Marijuana Tax Could Help Montana Roads In A Big Way
The 2023 Montana Legislature is wrapping up its legislative session. There are many things left to do and Nicole Rolf, Senior Director of Governmental Affairs for Montana Farm Bureau Federation gave us an update.
We are getting much closer to the end of the legislative session. We're around day 75, so they could technically go out to day 90, which at this point is May 6th. There's lots of talk about if they're going to finish early or not, but instead of speculating about that, we're just planning to be here and see our bills through the process and make sure that agriculture is represented in all of these ongoing discussions. Because we are getting close, we're getting towards the end of actual bill hearings and now we're almost getting to the point where we're seeing bills just moving across the floor on second and third reading. Of course, there's always the chance that some of these bills will go to a conference committee if they get amended in one chamber and have to be sent back and then the other chamber doesn't accept the amendments.
Senate Bill 442 Marijuana Tax Money
One bill that is getting a bit of attention right now that we supported in a hearing last week, is Senate Bill 442. That is a bill that actually deals with how some of the marijuana tax money is spent. Our particular interest in this bill is that it devotes a good amount of funding, about 20% of that revenue, to county road maintenance, and not just maintenance, but also even in repairs and, and maybe possibly new builds. Obviously if you talk to people who live in rural communities, one of the things you hear most often is complaints about how bad of shape the county road is. In most cases, there's only two sources of revenue to help maintain those roads, and that's gas tax and property tax. People aren't too crazy about raising property taxes and gas taxes is a finite amount of dollars. So to have a new source of funding to do this important task of keeping up county roads is really important to our members that live out in these communities. There's a formula in there that helps devote them to counties based on road miles, but also based on the amount of different kinds of opportunities for recreation. It is aimed at not only helping the folks that live in the rural communities, but also those that recreate.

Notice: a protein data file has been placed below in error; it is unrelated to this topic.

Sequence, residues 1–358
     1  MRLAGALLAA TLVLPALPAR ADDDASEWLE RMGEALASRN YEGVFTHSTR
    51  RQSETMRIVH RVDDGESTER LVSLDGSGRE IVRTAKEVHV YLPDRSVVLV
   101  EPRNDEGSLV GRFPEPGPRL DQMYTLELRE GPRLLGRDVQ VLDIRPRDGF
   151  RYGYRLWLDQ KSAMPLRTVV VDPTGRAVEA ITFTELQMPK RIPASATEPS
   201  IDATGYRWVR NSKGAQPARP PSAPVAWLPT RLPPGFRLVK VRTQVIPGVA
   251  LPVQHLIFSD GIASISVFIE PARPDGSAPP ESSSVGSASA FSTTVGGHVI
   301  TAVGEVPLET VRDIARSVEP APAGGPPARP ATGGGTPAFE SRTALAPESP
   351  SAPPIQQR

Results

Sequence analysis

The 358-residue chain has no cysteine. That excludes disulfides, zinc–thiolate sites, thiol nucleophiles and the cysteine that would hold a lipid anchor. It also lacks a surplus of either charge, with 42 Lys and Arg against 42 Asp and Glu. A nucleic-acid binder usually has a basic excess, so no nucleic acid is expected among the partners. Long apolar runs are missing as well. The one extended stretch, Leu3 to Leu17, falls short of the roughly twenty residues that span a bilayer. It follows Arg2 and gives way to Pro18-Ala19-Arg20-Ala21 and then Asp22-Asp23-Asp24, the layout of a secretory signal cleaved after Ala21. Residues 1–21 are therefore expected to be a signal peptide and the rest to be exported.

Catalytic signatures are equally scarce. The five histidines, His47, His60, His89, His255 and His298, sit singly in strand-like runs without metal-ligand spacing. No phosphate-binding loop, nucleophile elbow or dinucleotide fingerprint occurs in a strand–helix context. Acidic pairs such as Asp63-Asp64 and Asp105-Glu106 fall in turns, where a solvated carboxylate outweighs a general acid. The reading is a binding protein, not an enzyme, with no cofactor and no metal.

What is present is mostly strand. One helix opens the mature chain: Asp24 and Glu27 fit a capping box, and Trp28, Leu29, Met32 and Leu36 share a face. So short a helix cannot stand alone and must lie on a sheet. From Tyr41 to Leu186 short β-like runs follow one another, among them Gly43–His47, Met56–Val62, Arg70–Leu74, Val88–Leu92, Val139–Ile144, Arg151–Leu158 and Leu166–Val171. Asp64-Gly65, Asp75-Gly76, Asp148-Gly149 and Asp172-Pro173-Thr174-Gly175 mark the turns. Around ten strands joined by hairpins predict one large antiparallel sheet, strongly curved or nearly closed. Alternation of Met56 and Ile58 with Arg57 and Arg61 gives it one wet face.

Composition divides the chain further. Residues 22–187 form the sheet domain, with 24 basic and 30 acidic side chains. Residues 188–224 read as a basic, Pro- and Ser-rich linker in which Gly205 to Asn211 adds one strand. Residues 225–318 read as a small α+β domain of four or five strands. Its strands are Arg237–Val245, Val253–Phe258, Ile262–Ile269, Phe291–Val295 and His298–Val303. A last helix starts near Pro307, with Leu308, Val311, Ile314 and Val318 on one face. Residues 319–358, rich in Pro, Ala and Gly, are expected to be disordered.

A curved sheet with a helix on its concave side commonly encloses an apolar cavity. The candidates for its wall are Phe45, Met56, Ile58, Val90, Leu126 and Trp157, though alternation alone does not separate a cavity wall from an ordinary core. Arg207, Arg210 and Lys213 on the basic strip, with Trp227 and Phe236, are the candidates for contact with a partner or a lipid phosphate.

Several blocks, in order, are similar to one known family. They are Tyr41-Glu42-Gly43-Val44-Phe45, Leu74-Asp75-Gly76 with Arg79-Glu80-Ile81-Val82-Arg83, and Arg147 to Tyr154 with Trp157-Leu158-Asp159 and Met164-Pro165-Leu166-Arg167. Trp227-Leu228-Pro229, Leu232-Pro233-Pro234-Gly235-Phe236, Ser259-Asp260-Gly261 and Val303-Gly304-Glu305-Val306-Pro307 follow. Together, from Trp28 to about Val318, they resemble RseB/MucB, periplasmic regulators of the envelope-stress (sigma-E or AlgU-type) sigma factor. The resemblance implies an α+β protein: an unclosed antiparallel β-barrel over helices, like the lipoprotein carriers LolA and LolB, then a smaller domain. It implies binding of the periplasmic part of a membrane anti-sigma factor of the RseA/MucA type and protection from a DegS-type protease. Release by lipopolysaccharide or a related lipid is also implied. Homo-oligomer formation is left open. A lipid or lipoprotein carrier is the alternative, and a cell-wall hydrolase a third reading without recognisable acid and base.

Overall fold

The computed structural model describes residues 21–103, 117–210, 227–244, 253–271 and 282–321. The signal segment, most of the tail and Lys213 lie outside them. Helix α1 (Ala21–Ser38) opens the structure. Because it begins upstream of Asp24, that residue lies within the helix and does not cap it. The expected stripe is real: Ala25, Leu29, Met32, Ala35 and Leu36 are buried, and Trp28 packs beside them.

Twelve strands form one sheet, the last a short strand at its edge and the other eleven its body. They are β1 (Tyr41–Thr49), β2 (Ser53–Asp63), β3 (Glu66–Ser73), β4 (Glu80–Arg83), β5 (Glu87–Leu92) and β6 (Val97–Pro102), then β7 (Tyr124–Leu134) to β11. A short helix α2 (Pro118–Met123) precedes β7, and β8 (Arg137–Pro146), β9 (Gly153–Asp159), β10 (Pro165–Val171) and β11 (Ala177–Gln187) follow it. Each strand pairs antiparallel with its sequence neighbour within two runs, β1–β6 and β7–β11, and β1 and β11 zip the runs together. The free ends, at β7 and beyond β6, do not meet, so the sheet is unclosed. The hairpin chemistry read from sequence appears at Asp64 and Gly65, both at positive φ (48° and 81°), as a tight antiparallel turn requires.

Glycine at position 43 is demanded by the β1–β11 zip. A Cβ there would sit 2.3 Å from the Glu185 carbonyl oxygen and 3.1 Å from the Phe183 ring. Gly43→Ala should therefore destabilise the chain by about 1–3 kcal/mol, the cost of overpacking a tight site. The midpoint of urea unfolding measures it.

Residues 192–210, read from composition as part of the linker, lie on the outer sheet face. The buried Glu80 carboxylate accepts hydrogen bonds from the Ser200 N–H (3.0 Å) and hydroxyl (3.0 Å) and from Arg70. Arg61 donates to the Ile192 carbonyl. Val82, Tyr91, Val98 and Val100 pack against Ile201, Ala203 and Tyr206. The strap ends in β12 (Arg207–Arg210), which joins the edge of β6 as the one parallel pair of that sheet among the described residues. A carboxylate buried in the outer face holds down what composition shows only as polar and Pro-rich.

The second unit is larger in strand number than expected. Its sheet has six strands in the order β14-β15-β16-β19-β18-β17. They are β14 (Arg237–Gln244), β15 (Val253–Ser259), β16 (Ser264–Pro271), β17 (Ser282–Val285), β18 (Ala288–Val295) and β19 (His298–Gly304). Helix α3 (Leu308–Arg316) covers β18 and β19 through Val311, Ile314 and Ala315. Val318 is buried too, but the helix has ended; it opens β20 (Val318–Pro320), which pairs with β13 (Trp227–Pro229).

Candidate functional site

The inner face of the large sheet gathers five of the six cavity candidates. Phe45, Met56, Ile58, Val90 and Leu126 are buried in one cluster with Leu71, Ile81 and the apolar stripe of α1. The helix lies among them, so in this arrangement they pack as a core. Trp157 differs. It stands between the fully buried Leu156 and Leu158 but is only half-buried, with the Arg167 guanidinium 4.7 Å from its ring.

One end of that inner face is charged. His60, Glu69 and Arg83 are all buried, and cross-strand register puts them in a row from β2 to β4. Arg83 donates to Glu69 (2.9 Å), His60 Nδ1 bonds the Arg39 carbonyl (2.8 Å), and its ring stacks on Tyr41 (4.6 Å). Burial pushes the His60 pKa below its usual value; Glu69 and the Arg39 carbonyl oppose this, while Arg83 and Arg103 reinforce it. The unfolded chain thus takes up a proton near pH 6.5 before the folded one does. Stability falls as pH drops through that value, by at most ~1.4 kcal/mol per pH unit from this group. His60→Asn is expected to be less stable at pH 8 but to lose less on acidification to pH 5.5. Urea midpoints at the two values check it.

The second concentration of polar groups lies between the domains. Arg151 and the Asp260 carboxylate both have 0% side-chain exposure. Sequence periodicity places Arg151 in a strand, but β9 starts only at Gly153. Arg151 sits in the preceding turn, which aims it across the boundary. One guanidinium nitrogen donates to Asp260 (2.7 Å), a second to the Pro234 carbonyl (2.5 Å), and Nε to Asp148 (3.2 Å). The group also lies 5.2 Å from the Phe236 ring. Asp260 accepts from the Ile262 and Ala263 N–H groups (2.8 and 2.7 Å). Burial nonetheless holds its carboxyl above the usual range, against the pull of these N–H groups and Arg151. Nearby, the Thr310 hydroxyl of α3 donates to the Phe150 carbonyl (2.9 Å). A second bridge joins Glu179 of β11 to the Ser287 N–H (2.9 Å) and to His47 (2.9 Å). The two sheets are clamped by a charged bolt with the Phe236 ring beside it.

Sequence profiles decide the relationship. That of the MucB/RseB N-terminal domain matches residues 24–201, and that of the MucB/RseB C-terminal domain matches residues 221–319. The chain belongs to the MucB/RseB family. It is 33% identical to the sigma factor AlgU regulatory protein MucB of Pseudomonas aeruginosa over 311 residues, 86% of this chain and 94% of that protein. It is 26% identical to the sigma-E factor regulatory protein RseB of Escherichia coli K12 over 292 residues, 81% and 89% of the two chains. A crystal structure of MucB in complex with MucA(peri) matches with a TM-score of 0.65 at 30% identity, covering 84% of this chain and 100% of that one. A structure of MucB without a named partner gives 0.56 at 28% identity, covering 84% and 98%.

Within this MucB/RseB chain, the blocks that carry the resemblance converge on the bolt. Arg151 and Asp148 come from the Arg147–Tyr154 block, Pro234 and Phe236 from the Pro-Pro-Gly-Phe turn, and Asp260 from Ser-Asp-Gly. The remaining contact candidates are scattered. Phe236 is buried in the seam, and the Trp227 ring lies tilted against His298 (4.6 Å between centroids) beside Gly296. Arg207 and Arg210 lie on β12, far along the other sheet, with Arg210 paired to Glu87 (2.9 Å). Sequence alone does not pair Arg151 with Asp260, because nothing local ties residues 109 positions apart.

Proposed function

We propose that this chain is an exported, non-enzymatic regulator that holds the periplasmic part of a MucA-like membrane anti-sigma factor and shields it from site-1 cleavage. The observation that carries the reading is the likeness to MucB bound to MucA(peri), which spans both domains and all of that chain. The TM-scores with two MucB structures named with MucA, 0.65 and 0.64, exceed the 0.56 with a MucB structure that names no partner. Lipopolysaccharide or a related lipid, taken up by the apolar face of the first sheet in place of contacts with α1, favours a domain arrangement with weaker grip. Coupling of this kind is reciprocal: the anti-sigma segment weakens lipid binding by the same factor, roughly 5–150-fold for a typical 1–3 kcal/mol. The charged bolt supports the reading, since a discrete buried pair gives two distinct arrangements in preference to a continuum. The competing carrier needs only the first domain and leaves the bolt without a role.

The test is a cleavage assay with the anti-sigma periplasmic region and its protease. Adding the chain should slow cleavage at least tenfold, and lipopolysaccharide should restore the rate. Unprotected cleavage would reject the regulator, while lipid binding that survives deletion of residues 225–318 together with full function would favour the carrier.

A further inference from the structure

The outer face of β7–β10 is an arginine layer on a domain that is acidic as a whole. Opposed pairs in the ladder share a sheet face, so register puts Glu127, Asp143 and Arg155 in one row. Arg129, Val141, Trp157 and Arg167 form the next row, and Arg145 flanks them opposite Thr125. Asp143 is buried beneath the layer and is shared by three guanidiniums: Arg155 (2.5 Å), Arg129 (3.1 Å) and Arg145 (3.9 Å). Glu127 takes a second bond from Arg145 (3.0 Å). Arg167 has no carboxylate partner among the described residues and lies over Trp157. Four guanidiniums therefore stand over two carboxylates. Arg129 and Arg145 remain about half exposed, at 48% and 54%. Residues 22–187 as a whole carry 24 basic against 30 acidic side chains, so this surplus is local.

WHIP Program (Wildlife Habitat Improvement Program)
In keeping with the spirit of that referendum that was passed, it also includes some more money to enhance the WHIP program, which is Noxious Weed Prevention and treatment program. So, there's a lot of other things in that legislation, but those are particularly helpful to the farming and ranching community. There's funding in there for conservation type projects that are good for both farmers, ranchers and wildlife as well habitat. It's one of the bigger bills as far as funding at the end of the session. There's some other thoughts out there on how this money should be spent, so this will be one of the bills that will be one of the last in play.
Should This Fall Under The WOTUS Rules?
Federal Legislation Update- WOTUS
Montana Farm Bureau Federation was very concerned about the most recent version of Waters of the US (WOTUS) definition, the rule that was published at the very end of 2022. We were very pleased and appreciative to see both the House and the Senate pass a resolution that enacted the Congressional Review Act, which would have put the brakes on that rule, and asked the EPA to go back to the drawing board and create a rule that not only provides clean water, but also clear rules, which is what we've always asked for. Both of our house members and both of our senators voted in support of those resolutions. So we thank them and really appreciate the recognition of Montana farmers and ranchers and other folks concerns with that rule and how it really overstepped the EPAs authority on their authority over water, under the Clean Water Act. Unfortunately, they were vetoed by the president. So we're still one step ahead and then one step back around that same time. We were also very excited to hear the ruling that Montana and 25 other states were a part of a lawsuit. The rule, at least for now, is put on a pause in our state as we try to work through this process of a workable solution.
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